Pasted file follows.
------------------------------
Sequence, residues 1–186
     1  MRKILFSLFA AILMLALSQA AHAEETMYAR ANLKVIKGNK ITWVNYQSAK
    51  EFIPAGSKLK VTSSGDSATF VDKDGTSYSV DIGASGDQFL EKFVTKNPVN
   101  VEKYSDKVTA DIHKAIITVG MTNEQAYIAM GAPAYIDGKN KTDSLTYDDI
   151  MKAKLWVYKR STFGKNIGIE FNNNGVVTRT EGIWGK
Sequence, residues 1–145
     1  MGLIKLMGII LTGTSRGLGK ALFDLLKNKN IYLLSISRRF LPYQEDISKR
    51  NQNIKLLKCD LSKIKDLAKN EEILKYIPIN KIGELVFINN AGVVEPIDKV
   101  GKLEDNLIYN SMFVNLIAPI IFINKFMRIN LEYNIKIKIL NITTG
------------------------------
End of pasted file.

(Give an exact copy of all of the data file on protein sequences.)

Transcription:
Sequence, residues 1–186
     1  MRKILFSLFA AILMLALSQA AHAEETMYAR ANLKVIKGNK ITWVNYQSAK
    51  EFIPAGSKLK VTSSGDSATF VDKDGTSYSV DIGASGDQFL EKFVTKNPVN
   101  VEKYSDKVTA DIHKAIITVG MTNEQAYIAM GAPAYIDGKN KTDSLTYDDI
   151  MKAKLWVYKR STFGKNIGIE FNNNGVVTRT EGIWGK
Sequence, residues 1–145
     1  MGLIKLMGII LTGTSRGLGK ALFDLLKNKN IYLLSISRRF LPYQEDISKR
    51  NQNIKLLKCD LSKIKDLAKN EEILKYIPIN KIGELVFINN AGVVEPIDKV
   101  GKLEDNLIYN SMFVNLIAPI IFINKFMRIN LEYNIKIKIL NITTG